A TV ad for Woburn Safari Park was seen on 25 August 2017. The ad began with a scene showing a car driving into Woburn Safari Park. The ad then depicted a young boy and a young girl looking out of the window from the backseats of a car. The ad then showed shots of different animals found in the safari park and also the young boy partaking in an outdoor adventure course. One of the final scenes showed both children asleep in the backseats of the car. The boy was shown to be in the window seat with a fastened seat belt visible and the girl was in the middle seat with her head resting on the boy’s shoulder.
The complainant, who believed that the children featured in the ad were not shown to be wearing seat belts properly, challenged whether the ad was irresponsible.
Woburn Enterprises Ltd t/a Woburn Safari Park stated that they did not believe the ad encouraged others not to wear a seat belt, or not to wear a seat belt properly. They pointed out that during the initial scenes in which the children were first shown, the car was in a stationary position in a grass car park. They said that there was no legislation which stated that children must wear a seat belt in a stationary car. They also pointed out that this scene was brief and 1.36 seconds in length, and it showed that the seat belt was worn around boy’s shoulder and therefore in the correct position. They said the seat belt shown was not prominent or the central focus of the shot.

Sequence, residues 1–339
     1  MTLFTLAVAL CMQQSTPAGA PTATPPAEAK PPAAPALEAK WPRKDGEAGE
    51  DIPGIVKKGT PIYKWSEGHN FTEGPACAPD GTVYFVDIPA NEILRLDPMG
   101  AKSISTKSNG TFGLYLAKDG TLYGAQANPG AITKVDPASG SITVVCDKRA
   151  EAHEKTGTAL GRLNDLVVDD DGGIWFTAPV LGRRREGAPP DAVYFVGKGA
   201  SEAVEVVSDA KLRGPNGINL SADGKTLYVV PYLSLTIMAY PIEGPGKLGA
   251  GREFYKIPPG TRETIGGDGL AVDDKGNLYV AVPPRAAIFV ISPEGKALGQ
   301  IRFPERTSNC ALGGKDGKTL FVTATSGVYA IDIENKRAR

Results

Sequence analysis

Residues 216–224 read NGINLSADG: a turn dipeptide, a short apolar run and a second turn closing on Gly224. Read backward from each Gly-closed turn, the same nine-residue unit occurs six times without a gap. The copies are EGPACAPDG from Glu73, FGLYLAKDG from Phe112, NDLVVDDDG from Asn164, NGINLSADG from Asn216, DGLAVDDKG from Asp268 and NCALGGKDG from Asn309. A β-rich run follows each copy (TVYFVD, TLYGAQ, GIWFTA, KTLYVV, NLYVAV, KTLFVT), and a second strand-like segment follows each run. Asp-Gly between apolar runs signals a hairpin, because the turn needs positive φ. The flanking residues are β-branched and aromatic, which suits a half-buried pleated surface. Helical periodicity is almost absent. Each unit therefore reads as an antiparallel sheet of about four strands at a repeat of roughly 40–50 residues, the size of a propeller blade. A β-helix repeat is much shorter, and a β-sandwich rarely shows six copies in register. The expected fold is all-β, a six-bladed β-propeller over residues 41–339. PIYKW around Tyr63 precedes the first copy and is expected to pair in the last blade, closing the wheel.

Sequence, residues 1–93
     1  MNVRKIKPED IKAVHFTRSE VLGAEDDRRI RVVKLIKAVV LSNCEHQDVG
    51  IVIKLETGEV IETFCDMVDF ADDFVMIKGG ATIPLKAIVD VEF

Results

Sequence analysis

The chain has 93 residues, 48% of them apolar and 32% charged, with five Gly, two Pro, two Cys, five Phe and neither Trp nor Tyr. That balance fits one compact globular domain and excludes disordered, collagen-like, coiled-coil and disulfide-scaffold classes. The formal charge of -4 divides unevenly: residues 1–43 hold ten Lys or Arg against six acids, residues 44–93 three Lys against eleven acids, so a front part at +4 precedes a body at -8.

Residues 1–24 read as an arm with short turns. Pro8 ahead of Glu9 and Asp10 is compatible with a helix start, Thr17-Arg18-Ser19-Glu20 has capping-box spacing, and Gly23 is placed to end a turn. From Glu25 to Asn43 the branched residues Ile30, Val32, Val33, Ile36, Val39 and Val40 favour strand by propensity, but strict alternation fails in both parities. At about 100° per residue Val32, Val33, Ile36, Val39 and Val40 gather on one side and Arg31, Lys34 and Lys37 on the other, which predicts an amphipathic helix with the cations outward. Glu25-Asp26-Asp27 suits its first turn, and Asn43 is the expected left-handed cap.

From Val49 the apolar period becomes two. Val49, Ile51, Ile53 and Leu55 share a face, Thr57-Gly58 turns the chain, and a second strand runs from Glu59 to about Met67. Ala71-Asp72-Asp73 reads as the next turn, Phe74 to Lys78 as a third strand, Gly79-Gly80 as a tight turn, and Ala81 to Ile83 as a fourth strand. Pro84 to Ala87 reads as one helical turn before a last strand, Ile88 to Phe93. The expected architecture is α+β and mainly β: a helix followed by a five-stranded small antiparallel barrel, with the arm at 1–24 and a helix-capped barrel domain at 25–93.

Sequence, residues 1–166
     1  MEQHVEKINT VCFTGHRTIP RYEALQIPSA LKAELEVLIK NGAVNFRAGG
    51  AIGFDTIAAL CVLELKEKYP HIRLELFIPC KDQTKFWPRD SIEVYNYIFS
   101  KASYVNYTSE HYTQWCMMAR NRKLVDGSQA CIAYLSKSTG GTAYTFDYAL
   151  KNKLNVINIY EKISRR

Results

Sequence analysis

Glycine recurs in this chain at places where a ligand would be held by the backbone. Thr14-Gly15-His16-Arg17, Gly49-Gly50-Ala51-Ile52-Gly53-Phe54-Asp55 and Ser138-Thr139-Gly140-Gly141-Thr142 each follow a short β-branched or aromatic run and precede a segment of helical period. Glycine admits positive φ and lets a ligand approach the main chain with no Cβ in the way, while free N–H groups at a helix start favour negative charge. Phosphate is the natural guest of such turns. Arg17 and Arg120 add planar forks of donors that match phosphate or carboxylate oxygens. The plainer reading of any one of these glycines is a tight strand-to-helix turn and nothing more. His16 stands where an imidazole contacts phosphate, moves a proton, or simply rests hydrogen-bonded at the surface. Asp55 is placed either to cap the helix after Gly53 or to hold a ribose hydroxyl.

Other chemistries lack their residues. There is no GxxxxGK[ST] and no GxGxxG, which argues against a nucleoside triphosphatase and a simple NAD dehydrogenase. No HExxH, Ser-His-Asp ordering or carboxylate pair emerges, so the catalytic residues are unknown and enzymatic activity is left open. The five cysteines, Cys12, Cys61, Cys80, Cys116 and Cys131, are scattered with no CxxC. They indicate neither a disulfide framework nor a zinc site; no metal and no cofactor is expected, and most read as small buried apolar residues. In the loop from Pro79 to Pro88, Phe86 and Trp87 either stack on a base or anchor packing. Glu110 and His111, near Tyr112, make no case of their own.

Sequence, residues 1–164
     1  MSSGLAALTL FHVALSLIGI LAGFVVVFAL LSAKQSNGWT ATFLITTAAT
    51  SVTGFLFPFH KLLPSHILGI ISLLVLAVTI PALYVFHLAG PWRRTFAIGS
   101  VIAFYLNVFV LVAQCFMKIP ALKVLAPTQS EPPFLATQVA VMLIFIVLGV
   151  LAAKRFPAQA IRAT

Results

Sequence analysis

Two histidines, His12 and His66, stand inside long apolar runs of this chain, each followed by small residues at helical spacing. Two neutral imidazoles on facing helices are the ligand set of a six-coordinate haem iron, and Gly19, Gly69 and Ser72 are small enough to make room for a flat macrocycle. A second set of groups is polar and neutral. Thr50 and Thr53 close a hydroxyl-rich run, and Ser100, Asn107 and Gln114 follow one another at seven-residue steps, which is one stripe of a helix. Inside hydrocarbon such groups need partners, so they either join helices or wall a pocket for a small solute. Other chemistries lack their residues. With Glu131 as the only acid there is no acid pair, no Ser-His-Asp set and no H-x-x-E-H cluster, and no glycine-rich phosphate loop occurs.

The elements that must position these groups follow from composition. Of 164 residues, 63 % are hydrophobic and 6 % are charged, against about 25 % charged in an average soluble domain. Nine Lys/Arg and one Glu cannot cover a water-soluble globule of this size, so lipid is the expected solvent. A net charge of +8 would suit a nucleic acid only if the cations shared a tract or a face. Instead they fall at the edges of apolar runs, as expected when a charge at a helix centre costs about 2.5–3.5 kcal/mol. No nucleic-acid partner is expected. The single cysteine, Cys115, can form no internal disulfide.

Woburn Safari Park also stated that the appearance of the seat belt was not central to the concluding shots of the ad, in which both children were depicted in the car again. The message conveyed by those final scenes was that the children were tired and sleepy after a day of fun at the park. They stated that the girl in the middle seat had a seat belt across her lap, which was not shown in the ad.
Woburn Safari Park further stated that the fact that both children were wearing a seat belt in a stationary car on a grass car park on private land in both scenes demonstrated acceptable behaviour that was above and beyond the legal requirements. They said children wearing seat belts was not part of any key message of the ad and the content and context of the ad did not in any way suggest or influence a change in established behaviours, such as putting a seat belt on a child.
Clearcast said the first shot featuring the children was a close-up shot in which both children were seen to be looking out of the left window of the vehicle. They stated that the shot was so close that viewers would not be able to determine that a seat belt had not been worn. They said that as the children were clearly seen to be sitting in car seats, they would be wearing seat belts. They also pointed out that the car was stationary in that shot.